Nanocomposites subject of industry-government research group
Thirteen companies and the National Research Council Industrial Materials Institute (NRC-IMI) have formed an R&D pa...
May 14, 2003 by Canadian Plastics
Thirteen companies and the National Research Council Industrial Materials Institute (NRC-IMI) have formed an R&D partnership to explore the development of polymer nancomposites. Called PNC-Tech, the venture will invest $300,000/year in R&D focused on polymer nanocomposites, which are plastic resins with small amounts of nano-sized additives, usually clay.
“NRC continues to be a pioneer in finding innovative methods to bring cutting-edge technologies directly to industry,” said Dr. Arthur Carty, NRC president. “PNC-Tech brings together scientists who will move the technology forward and industrial partners that will define specific needs and applications for these materials.”
NRC-IMI had already been pursing nanocomposite research with some success. Johanne Denault, an NRC-IMI researcher, told Canadian Plastics late in 2002 that the Institute had developed a melt-blending process for nanocomposite polypropylene.
PNC-Tech is the first multi-partner R&D initiative for nanocomposites in Canada, and one of the first in the world. It brings together partners from many different sectors of industry who share a common interest in high performance materials.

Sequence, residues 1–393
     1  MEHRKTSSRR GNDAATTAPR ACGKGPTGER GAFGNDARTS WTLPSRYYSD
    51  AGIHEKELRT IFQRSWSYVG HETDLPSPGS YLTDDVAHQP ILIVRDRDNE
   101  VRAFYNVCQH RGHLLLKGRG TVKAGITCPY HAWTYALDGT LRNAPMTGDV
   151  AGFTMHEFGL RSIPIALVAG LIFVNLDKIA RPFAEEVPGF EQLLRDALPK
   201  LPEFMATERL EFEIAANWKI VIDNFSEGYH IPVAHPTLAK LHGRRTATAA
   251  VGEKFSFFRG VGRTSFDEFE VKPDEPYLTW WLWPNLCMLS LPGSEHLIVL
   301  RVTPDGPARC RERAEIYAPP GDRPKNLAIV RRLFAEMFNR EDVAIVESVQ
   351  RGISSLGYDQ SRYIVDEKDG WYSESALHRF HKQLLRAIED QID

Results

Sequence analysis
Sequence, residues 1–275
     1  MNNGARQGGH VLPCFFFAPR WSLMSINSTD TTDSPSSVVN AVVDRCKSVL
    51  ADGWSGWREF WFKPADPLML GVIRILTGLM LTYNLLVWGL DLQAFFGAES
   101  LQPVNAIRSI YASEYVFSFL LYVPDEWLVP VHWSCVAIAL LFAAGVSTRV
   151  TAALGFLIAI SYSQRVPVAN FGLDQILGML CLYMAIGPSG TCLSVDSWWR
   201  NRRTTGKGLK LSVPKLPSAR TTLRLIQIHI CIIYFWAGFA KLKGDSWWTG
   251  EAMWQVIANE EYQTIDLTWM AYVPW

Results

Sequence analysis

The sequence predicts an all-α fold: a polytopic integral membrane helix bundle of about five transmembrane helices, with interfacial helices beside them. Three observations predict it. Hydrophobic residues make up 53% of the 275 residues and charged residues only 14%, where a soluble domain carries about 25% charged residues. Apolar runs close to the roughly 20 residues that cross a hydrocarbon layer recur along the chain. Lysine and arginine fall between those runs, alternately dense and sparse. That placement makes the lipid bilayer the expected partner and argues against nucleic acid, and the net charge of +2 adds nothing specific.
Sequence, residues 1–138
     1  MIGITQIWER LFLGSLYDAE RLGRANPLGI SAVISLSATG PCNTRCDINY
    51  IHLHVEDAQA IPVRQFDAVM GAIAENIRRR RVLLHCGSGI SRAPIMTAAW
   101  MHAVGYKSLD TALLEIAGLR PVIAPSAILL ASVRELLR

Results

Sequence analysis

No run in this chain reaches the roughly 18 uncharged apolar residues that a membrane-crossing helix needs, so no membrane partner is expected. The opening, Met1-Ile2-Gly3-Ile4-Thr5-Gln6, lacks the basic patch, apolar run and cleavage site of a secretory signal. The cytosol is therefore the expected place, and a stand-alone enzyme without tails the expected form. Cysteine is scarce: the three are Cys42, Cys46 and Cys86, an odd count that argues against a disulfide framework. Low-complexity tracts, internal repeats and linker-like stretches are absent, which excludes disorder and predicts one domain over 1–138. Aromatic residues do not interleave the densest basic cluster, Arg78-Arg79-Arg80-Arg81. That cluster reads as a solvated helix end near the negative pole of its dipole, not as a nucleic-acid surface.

The partner companies currently in PNC-Tech are: General Motors of Canada, Dow Chemical Company, CLS3 Inc., Atlantic Composites Ltd., IPL, Crompton Corp., Decoma International Inc., Institut de recherche d’Hydro-Qubec (IREQ), Mark IV Automotive, Akzo Nobel, ShawCor Ltd, Sealed Air (Canada) and SNC TEC. Many other partners, including leading universities, are expected to join PNC-Tech in the coming weeks and months, increasing the scope of this initiative.
The first meeting of PNC-Tech members was held May 13 in Longueuil, QC, to define the specific research activities of the project and to kick-off the R&D activities.
The NRC’s Industrial Materials Institute, located in Longueuil, is a research and development centre focused on materials, their formulation and forming, as well as the control of their processes. IMI works primarily in the metallurgy, polymer, aerospace, automotive and biomedical sectors.